Films | 21 Jump Street – Movie Review

21 Jump Street – Movie Review

Posted by FATEMA H.KAGALWALA on April 20, 2012 | No Comments

PRODUCER – Neal H. Moritz, Stephen J. Cannell
DIRECTOR – Phil Lord, Chris Miller
WRITER – Michael Bacall (story and screenplay), Jonah Hill (story), Patrick Hasburgh and Stephen J. Cannell(television series)
CAST – Jonah Hill, Channing Tatum, Brie Larson, Dave Franco
MUSIC – Mark Mothersbaugh

The Jump Street series of 80’s that made Johnny Depp a teen idol finds a film version with Jonah Hill and Channing Tatum in the lead. The story is simple (and rather cute). Two young, just out of school, under-performing police officers are assigned a drug-busting case in a school. They masquerade as school boys to mix in with the crowd and find the dirty drug-dealing guys. Hill as Schmidt and Tatum as Jenko get to work and while they are at it, get into a lot of trouble, grow up a bit and in between have a lot of fun.

This Phil Lord and Chris Miller version is a light-hearted tale of brotherhood and male friendship mixed with a little bit of teenage angst and goofs. Written with a keen sense of humour that finely balances batty with slapstick, 21 Jump Street works in more ways than one. There is a coming-of-age story here that runs as a mild sub-text for character growth in both Schmidt and Tatum’s characters. At the same time there is a touch and go connection with the teenage world that rings true without having to try too hard.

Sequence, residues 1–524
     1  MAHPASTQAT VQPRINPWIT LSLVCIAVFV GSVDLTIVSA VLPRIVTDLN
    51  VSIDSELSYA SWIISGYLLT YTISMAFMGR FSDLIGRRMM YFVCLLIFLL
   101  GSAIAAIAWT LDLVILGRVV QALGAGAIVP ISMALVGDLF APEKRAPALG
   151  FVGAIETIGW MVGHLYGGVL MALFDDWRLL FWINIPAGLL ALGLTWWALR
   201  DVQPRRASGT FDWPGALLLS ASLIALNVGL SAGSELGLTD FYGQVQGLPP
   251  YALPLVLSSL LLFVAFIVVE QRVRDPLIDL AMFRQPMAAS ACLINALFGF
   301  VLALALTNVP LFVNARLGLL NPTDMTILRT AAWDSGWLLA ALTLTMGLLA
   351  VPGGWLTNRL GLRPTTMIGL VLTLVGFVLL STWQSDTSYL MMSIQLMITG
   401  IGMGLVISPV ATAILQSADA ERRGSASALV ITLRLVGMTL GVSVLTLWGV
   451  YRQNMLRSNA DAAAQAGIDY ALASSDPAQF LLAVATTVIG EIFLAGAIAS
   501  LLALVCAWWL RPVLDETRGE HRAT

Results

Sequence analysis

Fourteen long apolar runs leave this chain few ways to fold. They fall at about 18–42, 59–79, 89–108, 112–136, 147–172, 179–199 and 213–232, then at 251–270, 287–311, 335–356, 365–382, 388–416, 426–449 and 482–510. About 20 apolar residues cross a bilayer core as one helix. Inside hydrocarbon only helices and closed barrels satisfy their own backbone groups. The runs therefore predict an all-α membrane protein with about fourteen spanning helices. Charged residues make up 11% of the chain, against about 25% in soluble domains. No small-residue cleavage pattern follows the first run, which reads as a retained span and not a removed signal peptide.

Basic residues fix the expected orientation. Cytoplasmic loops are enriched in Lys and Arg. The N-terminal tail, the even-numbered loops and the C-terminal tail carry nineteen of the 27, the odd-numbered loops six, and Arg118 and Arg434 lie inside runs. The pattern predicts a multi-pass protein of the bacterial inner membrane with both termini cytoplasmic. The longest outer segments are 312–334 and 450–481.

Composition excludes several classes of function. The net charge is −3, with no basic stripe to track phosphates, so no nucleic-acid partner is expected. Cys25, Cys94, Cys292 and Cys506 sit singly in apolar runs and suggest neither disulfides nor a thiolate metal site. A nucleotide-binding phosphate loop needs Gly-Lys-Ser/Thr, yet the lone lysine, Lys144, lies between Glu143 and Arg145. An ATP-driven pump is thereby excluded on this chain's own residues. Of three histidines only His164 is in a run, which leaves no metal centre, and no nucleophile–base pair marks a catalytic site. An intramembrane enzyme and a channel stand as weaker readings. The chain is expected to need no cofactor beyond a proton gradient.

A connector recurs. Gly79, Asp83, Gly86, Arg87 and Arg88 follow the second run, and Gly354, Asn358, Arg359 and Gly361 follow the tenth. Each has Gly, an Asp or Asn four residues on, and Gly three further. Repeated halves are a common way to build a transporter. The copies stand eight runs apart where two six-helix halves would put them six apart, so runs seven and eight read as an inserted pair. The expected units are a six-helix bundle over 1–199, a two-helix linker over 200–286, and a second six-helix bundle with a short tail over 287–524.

The film keeps itself simple, which is probably its greatest strength. There is action but not gut-busting dramatic sequences. There is romance but not the moony kind. There is humour, not rip-roaring but the heart-warming type. And in between all of this is a little bit of imaginative story-telling that doesn’t shy away from out-of-the-box thinking. Hence, we chuckle in good humour when reactions of dopey characters are announced in video-game style titles and characters from the original TV series appear unannounced, temporarily turning the plot on its head yet drawing more laughs. There is a delightful two-minute surprise package here that, in audience interest, shall not be revealed here.

There isn’t anything startlingly different or new in the characters or their journey. But the seamless mix of the boys as police officers and the boys as boys makes it refreshingly warm. The inevitable overlapping of personal and professional lives, unfamiliarity with boundaries of friendship or learning of loyalty and courage may sound lofty concepts but the lightness with which they are explored gives the film its edge. Jonah Hill and Channing Tatum perform with a gusto keeping sprightly step with every nuance of their character’s journey, however unassuming it may be.

Unassuming then, is probably the reason why this light-hearted, goofball film works. But for refreshing comedies one doesn’t need to understand the why, the fact that it works is enough, isn’t it?

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